An unknown number of people, including children, were exposed to ammonia during a 2013 gas leak at the Moore Sports Complex, the only facility in Ontario still operating with a higher-risk, ammonia-based refrigeration system.
Ontario’s Ministry of the Environment and Climate Change confirmed the release occurred at the St. Clair Township facility on Sept. 24, 2013.
Spokesperson Gary Wheeler said ministry officials were called in following a complaint that ammonia had escaped during maintenance of the arena’s refrigeration system.
“Some people using the south rink had left the arena due to an ammonia odour,” he said.
Township staff had closed the air intake during the procedure but ammonia “was detected in the arena after the release,” he added.
Dave Bowles is a former board member with the Moore Skate Club who was there that day. He is still troubled by the incident and its subsequent handling, he said.
“I’m not happy with the township, the ones who were operating out there, and the response we got from management,” said Bowles, a professional engineer with more than 25 years of industrial experience, including risk management and regulatory compliance. “They dropped the ball quite badly.”
Bowles, whose daughter was figure skating that day, said when he arrived at the arena staff had notified club officials of the ammonia leak but hadn’t issued an evacuation notice.
“They basically said, ‘It’s up to you whether or not to take the kids off the ice’ — which is so wrong in so many ways,” said Bowles, who himself experienced exposure symptoms, including burning of the respiratory tract.
“I was told of one child who actually went to (the hospital emergency department) along with numerous other people complaining.”
While some people left the rink many chose to stay, he added.
“It’s not fair to someone with no background or knowledge of the risks involved.”
Ammonia is a toxic, corrosive gas with a pungent odour that irritates the eyes, nose and throat. Exposure above of the allowable limit (25ppm) can cause headache, coughing and breathing difficulties. Prolonged exposure to high concentrations can result in pulmonary edema (an accumulation of fluid in the lungs) and death.
Bowles said following the gas release he was determined to get answers. He contacted the Technical Standards and Safety Authority (TSSA) and requested meetings with township officials, but ‘nothing visible came out of that’ he said.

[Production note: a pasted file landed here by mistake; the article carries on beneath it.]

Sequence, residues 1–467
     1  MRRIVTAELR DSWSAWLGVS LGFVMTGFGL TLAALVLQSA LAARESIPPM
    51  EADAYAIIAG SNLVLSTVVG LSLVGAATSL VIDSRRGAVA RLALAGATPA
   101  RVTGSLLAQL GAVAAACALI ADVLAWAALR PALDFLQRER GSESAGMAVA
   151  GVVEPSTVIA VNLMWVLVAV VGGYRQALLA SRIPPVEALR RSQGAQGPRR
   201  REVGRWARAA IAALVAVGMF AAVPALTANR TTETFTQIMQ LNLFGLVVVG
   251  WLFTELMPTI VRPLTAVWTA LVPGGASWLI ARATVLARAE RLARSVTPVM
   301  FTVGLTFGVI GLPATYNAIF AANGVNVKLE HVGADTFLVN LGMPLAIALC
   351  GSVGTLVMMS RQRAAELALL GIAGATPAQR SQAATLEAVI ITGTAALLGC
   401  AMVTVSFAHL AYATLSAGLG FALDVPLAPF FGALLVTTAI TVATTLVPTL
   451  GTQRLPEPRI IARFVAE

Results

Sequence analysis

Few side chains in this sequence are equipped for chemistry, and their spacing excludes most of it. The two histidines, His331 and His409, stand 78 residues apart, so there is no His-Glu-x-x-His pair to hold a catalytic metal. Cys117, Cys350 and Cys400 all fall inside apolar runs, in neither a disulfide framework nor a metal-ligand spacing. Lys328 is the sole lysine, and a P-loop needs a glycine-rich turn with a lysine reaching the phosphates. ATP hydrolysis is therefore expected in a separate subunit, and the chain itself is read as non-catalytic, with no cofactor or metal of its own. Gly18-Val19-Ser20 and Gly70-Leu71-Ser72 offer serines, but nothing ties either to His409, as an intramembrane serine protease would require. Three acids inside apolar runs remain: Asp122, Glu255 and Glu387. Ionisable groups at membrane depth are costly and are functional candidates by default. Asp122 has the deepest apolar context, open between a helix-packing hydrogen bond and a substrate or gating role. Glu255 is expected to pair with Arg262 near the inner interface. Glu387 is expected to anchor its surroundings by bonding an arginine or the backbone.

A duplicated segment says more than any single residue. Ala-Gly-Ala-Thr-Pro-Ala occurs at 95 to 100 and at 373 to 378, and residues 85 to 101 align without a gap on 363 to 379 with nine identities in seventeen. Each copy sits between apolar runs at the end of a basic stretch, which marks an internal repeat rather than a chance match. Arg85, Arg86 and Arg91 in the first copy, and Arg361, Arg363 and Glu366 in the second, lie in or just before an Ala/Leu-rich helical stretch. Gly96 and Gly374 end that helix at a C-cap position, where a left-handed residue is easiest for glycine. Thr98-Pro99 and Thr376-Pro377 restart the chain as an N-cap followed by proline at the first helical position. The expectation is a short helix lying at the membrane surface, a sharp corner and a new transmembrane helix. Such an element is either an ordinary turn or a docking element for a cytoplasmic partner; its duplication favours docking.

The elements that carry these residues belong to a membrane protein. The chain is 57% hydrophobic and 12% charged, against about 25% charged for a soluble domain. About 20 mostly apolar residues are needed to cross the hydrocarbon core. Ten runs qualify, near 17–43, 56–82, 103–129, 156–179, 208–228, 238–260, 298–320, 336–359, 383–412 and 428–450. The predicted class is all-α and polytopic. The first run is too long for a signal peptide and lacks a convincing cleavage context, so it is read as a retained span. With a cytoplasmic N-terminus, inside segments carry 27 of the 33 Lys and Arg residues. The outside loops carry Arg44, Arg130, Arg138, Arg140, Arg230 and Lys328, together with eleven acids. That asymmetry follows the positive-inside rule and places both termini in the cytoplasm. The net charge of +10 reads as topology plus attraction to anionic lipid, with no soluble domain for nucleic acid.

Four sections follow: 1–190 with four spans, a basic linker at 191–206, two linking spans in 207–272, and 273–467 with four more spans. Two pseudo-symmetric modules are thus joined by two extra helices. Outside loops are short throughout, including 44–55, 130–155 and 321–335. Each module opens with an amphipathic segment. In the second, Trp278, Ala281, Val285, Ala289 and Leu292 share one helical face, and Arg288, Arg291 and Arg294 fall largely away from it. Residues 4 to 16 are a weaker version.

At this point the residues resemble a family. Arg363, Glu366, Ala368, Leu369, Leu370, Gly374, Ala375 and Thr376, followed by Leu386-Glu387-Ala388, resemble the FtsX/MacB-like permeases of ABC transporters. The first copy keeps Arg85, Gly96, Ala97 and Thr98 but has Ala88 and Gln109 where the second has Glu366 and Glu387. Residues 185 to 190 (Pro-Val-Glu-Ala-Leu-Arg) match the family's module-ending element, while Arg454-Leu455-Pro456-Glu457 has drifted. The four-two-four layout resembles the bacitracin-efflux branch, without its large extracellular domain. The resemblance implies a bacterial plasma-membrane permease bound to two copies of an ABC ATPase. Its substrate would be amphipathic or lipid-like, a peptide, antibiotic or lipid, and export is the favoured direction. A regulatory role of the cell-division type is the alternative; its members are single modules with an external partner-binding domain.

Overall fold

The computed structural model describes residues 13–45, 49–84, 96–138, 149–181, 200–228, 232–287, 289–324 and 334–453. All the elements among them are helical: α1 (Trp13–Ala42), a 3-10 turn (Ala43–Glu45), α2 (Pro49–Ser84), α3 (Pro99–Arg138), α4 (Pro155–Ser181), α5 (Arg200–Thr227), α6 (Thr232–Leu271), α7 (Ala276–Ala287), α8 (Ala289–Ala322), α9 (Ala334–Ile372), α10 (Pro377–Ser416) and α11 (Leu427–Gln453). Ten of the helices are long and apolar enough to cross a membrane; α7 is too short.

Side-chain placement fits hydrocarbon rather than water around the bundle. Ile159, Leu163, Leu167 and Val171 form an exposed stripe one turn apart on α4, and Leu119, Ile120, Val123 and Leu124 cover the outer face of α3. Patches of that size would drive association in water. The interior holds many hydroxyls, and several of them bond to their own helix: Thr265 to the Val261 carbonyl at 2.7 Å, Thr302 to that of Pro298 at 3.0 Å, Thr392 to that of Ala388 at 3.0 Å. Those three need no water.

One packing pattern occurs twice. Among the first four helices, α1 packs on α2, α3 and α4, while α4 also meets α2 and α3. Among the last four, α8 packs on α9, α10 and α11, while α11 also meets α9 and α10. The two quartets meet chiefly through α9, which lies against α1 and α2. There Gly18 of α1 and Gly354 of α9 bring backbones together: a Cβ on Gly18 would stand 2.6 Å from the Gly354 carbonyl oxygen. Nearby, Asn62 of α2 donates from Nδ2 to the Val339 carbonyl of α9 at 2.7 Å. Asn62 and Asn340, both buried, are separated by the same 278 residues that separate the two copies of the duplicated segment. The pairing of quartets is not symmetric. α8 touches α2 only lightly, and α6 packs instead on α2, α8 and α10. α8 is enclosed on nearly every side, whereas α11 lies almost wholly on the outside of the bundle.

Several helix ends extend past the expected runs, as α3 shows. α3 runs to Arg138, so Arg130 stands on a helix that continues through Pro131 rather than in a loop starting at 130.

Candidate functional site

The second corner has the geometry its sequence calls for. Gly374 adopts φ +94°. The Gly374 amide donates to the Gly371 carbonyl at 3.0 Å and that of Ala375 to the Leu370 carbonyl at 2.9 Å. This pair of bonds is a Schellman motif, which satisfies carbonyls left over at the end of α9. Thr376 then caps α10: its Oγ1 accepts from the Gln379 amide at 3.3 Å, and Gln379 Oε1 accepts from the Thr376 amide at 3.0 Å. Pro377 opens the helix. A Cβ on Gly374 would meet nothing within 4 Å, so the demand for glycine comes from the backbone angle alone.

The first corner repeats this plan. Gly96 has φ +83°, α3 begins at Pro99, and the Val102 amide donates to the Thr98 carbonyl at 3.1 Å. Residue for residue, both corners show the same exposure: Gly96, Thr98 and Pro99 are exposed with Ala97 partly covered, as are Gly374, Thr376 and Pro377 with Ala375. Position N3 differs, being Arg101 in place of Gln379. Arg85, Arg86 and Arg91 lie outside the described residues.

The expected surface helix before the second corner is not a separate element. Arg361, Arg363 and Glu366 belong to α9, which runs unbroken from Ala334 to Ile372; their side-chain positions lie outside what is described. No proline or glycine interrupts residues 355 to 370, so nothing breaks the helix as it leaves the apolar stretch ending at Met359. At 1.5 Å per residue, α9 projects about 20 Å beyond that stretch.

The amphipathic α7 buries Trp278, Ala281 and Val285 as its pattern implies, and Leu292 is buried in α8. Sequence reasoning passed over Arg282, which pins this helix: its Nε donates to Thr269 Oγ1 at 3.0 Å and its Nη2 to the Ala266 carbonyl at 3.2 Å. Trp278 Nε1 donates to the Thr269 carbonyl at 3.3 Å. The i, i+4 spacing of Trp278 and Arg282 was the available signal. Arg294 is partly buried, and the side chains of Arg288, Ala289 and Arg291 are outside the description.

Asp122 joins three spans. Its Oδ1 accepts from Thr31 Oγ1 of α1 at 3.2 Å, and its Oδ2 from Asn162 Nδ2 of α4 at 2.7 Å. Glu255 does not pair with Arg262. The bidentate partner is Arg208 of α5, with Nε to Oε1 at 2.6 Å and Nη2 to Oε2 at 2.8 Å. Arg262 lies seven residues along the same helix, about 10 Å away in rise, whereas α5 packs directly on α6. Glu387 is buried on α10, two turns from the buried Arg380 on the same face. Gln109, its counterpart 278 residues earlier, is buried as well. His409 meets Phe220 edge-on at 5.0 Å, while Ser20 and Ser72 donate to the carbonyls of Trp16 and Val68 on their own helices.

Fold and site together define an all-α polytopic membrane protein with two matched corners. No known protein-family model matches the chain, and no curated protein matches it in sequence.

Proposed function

“As a professional engineer, your number one obligation is public protection,” he said. “I could lose my licence if I fail to protect the public.”
Bowles resigned from the board and his children never returned to Mooretown to skate after that season.
Mayor Steve Arnold said he can’t recall specific details of the incident but was assured proper protocols were followed.
“I’m not sure of the nature of the leak and how that occurred …the people that were involved have actually retired since then,” he said.
“But there’s safety protocols in place. Everyone was evacuated properly, everything was done as per the emergency response, and went back to the normal operating stage.
“Everything was fixed and away they went again… I have never heard anything different.”
The 50-year-old Moore Sports Complex is the last arena in Ontario still operating with a direct expansion ammonia cooling system — meaning the ammonia circulates in piping imbedded directly in the rink floor.
Other arenas have an indirect system that uses a secondary coolant solution in the floor with a greatly reduced risk of leaks.
Rinks in Goderich and Prescott — home to the two other remaining direct-ammonia systems in Ontario — both closed this summer due to ammonia leak concerns.
Arenas across Canada have been under scrutiny since three men died from an ammonia leak at a Fernie, British Columbia rink in 2017.
Arnold has said it could cost $5 million to convert the aged refrigeration system, but is awaiting the results of a study exploring additional upgrades to the roof and fitness facility.
Council, he said, is also considering building a new facility altogether, which could cost upwards of $60 million.